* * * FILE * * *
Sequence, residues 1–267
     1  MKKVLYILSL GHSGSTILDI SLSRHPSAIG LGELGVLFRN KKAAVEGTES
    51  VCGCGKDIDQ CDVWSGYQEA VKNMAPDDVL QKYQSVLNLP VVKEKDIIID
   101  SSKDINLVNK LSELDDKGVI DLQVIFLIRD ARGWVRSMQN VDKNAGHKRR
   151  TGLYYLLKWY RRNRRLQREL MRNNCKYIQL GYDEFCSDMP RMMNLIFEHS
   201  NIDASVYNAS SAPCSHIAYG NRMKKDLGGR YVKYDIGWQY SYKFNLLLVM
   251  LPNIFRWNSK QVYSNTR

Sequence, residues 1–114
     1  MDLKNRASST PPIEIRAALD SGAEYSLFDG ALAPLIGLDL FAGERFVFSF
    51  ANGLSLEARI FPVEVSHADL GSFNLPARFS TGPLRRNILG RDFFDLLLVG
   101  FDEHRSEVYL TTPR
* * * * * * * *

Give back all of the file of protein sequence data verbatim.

Sequence, residues 1–267
     1  MKKVLYILSL GHSGSTILDI SLSRHPSAIG LGELGVLFRN KKAAVEGTES
    51  VCGCGKDIDQ CDVWSGYQEA VKNMAPDDVL QKYQSVLNLP VVKEKDIIID
   101  SSKDINLVNK LSELDDKGVI DLQVIFLIRD ARGWVRSMQN VDKNAGHKRR
   151  TGLYYLLKWY RRNRRLQREL MRNNCKYIQL GYDEFCSDMP RMMNLIFEHS
   201  NIDASVYNAS SAPCSHIAYG NRMKKDLGGR YVKYDIGWQY SYKFNLLLVM
   251  LPNIFRWNSK QVYSNTR

Sequence, residues 1–114
     1  MDLKNRASST PPIEIRAALD SGAEYSLFDG ALAPLIGLDL FAGERFVFSF
    51  ANGLSLEARI FPVEVSHADL GSFNLPARFS TGPLRRNILG RDFFDLLLVG
   101  FDEHRSEVYL TTPR